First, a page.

So how can this communications gap be addressed? One of the most interesting initiatives is an Energy Literacy project sponsored by the Department of Energy (DOE). The purpose of this project is to define what it means to be “energy literate” and to identify the essential understandings that underlie this literacy. This multiphase project starts with the development of a guiding document for context, background and definitions. This document should be completed sometime in the summer of 2011. The project will also develop the principles and conceptual foundation to build energy literacy in US citizens. Like other federal government initiatives in the Smart Grid sector, this one has a collaborative process to get feedback from the public as well as from a number of selected agencies. Right now, the focus is on developing the principles, each of which will act as an overarching category with 5-10 concepts (fundamentals) supporting each principle. There is a wiki that is available for public review and feedback, and it can be accessed here. (Energy Literacy guiding document is expected to be competed by Summer)
This is an admirable initiative, and one that I fully support, but it will take time for the results to be launched into energy studies curricula across the country. In the meantime, what can utilities do to hone their skills in consumer communications?
Start with the basics – make sure that the employees in each utility have a thorough understanding of the Smart Grid and what it means. Sadly, a recent research study found that the most common touchpoint for utilities and consumers – the contact centers – had significant gaps of knowledge about utility Smart Grid projects. When asked to identify any implementations of Smart Grid technology; provide information about the Smart Grid or smart meters; or deliver information about plans to deploy them, just a third of the 100 utility contact centers could even provide information about any Smart Grid projects. Contact center agents have the opportunity, if given the proper training and management for new call metrics, to deliver extremely meaningful information to consumers and eliminate the FUD factor that now swirls around smart meters.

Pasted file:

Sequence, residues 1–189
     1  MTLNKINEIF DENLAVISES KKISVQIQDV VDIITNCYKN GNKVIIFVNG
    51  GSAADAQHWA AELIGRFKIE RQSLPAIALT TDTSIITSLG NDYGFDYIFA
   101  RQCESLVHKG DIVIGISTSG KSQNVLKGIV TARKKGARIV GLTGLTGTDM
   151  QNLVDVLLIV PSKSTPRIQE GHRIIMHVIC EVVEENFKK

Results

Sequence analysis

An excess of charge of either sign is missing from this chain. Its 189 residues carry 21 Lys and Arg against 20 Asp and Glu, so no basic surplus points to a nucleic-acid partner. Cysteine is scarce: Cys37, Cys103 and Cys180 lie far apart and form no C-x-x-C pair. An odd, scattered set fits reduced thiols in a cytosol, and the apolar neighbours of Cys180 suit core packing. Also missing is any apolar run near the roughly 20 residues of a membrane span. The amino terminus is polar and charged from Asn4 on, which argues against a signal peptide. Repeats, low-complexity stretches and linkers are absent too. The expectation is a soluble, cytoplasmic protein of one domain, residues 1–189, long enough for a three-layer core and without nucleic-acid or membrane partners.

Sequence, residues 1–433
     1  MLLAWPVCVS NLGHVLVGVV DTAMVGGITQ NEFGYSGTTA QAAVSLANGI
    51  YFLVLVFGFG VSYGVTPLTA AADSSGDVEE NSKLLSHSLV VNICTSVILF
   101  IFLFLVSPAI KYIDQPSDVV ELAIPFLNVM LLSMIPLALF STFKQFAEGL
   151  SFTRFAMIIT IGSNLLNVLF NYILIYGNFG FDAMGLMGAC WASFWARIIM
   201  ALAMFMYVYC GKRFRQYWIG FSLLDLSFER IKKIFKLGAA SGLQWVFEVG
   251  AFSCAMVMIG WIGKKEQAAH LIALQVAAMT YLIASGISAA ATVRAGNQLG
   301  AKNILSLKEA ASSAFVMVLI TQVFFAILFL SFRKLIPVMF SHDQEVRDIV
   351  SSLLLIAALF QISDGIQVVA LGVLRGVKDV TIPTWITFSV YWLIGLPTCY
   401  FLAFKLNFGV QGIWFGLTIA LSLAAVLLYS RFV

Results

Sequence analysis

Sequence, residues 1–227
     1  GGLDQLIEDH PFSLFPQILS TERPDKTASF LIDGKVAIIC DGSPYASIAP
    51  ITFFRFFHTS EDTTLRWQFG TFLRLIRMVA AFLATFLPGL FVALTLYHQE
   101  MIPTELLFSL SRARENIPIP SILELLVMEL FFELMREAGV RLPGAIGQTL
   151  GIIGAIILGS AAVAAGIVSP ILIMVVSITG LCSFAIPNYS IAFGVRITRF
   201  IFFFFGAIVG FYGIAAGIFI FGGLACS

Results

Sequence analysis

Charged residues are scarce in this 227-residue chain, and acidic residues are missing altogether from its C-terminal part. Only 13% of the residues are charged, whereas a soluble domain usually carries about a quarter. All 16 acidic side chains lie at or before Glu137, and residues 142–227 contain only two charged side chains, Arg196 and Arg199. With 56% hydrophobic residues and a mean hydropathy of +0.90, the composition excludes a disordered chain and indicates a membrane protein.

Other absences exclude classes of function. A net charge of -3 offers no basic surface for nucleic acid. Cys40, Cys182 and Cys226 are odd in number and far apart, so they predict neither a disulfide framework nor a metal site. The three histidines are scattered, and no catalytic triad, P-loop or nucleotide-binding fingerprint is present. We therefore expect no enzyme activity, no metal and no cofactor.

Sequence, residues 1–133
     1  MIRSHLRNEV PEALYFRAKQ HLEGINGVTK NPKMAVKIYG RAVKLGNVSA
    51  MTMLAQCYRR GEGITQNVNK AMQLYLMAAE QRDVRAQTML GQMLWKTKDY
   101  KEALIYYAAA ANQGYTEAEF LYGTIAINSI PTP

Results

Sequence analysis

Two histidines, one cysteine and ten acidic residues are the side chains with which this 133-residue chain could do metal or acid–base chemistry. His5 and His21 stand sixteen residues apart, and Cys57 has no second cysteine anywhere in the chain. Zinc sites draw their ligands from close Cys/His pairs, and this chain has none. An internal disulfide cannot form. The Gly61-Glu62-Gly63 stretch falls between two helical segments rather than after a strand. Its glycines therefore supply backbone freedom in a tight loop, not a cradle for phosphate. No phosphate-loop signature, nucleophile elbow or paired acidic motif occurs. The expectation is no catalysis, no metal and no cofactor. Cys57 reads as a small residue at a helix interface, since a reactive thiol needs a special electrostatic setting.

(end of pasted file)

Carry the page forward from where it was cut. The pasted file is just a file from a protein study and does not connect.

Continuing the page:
Consistently deliver Smart Grid benefit statements on websites and via social media channels, which are new communications channels for most utilities. The content on websites should mirror and reinforce the messaging provided by contact center agents. Make sure that linemen and meter installers also have the information to provide to consumers they encounter as they are out doing their work. Every employee who has the possibility of interacting with consumers needs to receive a basic amount of education about the Smart Grid and its benefits, and the projects their utility has underway or plans to deploy soon. These are steps that can be taken now by utilities, and can help to elevate the energy literacy, or at least the electricity literacy, of the overall population.